Some scholars have argued that the multiplicative form of EV models is not as optimal as additive models in the prediction of attitudes (Trafimow & Finlay, 2002). While we acknowledge that there are many types of models (theoretical and atheoretical) that can be used to predict attitudes from beliefs, evaluations, and importance, this paper focuses specifically on potential contributions made by importance measures to the most frequently used EV models, where attitude is assumed to be a function of the sum of Beliefs × Evaluations.
The Predictive Benefits of Importance: Do Issue Importance Ratings Improve the Prediction of Political Attitudes?
Article first published online: 31 JUL 2006
Journal of Applied Social Psychology
Volume 35, Issue 3, pages 487–507, March 2005
How to Cite
Kenski, K. and Fishbein, M. (2005), The Predictive Benefits of Importance: Do Issue Importance Ratings Improve the Prediction of Political Attitudes?. Journal of Applied Social Psychology, 35: 487–507. doi: 10.1111/j.1559-1816.2005.tb02132.x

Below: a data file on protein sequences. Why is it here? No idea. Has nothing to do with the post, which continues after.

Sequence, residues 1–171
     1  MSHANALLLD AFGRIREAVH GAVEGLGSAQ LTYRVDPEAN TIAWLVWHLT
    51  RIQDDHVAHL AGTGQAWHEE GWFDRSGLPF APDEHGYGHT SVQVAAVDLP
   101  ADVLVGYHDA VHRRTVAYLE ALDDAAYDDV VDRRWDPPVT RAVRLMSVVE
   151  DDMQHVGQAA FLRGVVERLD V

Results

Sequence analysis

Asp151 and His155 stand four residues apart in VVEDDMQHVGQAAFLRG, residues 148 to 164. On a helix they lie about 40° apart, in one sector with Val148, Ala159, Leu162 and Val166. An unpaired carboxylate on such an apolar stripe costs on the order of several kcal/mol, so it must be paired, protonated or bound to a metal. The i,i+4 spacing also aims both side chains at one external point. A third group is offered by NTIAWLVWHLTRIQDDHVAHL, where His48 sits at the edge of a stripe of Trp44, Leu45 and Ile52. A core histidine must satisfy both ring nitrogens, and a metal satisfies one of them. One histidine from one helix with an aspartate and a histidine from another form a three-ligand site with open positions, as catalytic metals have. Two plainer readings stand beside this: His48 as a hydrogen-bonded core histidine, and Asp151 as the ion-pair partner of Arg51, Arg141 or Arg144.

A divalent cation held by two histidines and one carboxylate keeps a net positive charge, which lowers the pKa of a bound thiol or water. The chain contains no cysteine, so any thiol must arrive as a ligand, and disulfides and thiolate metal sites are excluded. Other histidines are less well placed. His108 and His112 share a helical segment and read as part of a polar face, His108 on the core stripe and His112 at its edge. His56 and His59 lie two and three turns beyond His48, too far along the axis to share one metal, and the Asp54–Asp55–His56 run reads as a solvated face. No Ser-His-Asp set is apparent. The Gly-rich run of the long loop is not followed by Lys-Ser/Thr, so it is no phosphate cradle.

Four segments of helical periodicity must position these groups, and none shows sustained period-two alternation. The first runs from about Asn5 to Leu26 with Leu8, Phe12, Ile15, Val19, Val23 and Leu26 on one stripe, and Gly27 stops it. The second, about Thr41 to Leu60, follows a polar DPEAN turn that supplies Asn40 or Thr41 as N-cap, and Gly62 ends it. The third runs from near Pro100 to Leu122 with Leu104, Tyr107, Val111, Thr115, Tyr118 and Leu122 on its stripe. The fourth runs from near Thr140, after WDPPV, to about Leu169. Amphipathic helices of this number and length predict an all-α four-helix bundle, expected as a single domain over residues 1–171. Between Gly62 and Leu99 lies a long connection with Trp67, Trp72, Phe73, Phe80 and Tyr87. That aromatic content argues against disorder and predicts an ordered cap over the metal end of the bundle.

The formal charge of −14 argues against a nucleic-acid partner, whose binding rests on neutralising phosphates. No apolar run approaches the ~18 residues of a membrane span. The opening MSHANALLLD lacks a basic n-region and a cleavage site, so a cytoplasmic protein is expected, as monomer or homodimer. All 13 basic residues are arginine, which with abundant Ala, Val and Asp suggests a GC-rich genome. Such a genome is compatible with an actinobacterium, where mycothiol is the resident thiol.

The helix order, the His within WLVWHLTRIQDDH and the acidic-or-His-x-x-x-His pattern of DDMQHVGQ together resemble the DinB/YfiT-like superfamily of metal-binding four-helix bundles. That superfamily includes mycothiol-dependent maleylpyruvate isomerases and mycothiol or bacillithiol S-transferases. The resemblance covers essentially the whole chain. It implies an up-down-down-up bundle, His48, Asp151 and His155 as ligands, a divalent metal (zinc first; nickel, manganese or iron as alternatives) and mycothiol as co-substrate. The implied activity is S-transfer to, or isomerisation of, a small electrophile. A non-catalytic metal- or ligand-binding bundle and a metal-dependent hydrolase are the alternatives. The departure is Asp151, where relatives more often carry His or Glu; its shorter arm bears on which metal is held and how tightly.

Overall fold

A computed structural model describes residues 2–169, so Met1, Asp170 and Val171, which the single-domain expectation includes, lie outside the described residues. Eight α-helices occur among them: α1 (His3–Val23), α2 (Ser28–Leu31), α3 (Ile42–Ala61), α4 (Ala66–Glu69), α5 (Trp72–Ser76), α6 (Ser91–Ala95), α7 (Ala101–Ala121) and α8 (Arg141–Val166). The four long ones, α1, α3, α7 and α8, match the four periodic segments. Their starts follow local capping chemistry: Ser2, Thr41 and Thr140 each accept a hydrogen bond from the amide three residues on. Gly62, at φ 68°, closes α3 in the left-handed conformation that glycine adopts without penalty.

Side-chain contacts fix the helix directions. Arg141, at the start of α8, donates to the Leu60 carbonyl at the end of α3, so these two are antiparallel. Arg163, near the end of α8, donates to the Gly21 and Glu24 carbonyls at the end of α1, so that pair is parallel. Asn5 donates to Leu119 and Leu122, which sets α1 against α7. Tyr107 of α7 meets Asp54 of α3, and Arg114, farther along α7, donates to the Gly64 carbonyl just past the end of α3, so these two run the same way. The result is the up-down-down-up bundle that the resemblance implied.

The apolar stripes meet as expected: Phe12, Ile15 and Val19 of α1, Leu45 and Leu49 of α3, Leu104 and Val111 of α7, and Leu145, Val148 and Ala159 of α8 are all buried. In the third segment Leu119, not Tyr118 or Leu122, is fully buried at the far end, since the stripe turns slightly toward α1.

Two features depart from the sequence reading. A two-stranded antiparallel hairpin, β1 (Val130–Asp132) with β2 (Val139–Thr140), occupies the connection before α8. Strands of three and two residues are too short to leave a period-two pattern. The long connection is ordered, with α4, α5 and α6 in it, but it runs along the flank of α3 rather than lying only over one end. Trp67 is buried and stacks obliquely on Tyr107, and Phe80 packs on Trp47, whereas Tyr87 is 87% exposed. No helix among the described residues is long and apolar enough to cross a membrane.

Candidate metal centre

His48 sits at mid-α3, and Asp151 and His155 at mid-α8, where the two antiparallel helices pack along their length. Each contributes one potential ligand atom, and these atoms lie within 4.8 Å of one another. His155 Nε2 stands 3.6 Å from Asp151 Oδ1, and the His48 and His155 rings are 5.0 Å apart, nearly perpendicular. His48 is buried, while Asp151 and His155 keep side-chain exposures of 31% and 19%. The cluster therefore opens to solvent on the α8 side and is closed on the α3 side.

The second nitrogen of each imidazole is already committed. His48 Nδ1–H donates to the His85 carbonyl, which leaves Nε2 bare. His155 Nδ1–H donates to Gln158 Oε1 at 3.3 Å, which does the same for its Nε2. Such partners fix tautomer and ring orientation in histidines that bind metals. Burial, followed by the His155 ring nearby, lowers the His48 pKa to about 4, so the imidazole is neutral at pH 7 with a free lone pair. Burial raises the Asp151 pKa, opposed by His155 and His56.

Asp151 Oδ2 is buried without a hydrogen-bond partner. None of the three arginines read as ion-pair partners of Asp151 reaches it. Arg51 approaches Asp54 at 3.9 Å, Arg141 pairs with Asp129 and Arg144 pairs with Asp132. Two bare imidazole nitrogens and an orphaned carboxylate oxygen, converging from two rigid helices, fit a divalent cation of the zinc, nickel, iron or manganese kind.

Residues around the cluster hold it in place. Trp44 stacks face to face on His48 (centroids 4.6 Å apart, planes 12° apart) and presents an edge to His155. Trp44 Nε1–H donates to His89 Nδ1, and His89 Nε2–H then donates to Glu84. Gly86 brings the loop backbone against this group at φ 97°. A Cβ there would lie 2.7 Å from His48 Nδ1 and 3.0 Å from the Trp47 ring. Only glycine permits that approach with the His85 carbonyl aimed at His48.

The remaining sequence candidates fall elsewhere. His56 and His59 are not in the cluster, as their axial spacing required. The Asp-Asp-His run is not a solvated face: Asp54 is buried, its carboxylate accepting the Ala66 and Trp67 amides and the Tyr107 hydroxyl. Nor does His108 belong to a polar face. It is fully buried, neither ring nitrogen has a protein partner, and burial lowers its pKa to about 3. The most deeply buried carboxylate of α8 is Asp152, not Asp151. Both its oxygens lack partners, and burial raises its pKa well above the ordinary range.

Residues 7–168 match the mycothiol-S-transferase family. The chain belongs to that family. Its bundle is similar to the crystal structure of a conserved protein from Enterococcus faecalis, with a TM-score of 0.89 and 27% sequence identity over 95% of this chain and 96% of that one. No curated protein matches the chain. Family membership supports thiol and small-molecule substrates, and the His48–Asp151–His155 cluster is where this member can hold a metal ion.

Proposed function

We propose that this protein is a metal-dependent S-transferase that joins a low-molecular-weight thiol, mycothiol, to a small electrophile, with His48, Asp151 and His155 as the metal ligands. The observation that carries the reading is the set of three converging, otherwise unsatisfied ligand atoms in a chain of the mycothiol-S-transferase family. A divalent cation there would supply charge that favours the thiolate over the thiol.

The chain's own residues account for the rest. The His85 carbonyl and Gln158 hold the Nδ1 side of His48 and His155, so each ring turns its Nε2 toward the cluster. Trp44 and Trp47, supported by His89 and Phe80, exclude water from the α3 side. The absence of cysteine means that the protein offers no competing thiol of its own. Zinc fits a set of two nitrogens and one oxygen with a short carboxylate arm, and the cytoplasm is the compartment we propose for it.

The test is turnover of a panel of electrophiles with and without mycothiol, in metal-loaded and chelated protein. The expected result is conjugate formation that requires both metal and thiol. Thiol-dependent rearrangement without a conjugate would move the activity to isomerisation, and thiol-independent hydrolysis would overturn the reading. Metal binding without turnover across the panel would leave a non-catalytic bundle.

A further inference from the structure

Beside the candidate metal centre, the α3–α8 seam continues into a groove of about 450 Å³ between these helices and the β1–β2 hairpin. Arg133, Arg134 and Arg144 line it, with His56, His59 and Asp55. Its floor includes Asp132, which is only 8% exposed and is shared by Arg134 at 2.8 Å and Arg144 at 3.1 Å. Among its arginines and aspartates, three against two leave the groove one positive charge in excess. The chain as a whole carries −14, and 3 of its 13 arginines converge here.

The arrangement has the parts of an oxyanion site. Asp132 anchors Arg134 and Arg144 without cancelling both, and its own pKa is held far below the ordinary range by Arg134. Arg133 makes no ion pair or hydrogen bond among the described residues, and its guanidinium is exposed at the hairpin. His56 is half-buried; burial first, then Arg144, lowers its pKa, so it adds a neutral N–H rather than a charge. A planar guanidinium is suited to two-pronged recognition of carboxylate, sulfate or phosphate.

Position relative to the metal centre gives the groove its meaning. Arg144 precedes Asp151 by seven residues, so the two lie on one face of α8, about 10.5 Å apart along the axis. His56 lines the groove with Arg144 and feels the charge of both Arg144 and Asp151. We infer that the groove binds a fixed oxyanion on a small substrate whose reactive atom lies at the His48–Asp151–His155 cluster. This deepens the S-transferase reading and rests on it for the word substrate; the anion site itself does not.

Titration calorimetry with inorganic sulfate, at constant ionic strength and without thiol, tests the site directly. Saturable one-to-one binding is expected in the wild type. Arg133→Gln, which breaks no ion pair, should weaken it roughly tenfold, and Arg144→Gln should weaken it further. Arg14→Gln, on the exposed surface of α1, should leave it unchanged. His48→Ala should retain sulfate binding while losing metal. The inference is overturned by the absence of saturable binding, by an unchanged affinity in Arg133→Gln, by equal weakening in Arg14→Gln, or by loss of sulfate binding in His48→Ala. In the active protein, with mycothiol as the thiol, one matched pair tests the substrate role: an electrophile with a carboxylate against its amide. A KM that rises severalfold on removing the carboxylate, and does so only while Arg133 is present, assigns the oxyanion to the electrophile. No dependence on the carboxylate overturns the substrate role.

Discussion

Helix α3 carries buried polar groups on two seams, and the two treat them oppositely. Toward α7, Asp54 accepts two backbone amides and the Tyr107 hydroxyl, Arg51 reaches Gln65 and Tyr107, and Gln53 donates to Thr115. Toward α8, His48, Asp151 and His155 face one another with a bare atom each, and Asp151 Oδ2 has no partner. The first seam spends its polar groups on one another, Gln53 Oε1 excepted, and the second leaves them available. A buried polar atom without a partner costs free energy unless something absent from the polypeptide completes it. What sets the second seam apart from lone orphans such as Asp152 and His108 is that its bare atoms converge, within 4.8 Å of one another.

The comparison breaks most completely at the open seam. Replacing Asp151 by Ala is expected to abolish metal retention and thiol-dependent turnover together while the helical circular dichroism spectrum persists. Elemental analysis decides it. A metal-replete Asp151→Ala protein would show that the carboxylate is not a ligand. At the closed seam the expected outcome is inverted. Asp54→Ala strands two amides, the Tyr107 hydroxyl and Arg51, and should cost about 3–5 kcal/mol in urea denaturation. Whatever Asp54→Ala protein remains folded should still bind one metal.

- Issue published online: 31 JUL 2006
- Article first published online: 31 JUL 2006
Using data collected in Arizona during the 2000 Presidential election, this study explores whether expectancy value (EV) models predicting attitudes toward candidates and toward voting for candidates can be improved by incorporating measures of issue importance. More specifically, attitudes toward candidates were predicted from beliefs about the candidates’ stands on 8 issues, and attitudes toward voting for the candidates were predicted from beliefs that voting for a candidate would lead to the implementation of the 8 issue positions. Ratings of the importance of the 8 issues were used to develop several different EV models. The results of our study indicate that importance ratings do not add much to the EV model's prediction of attitudes.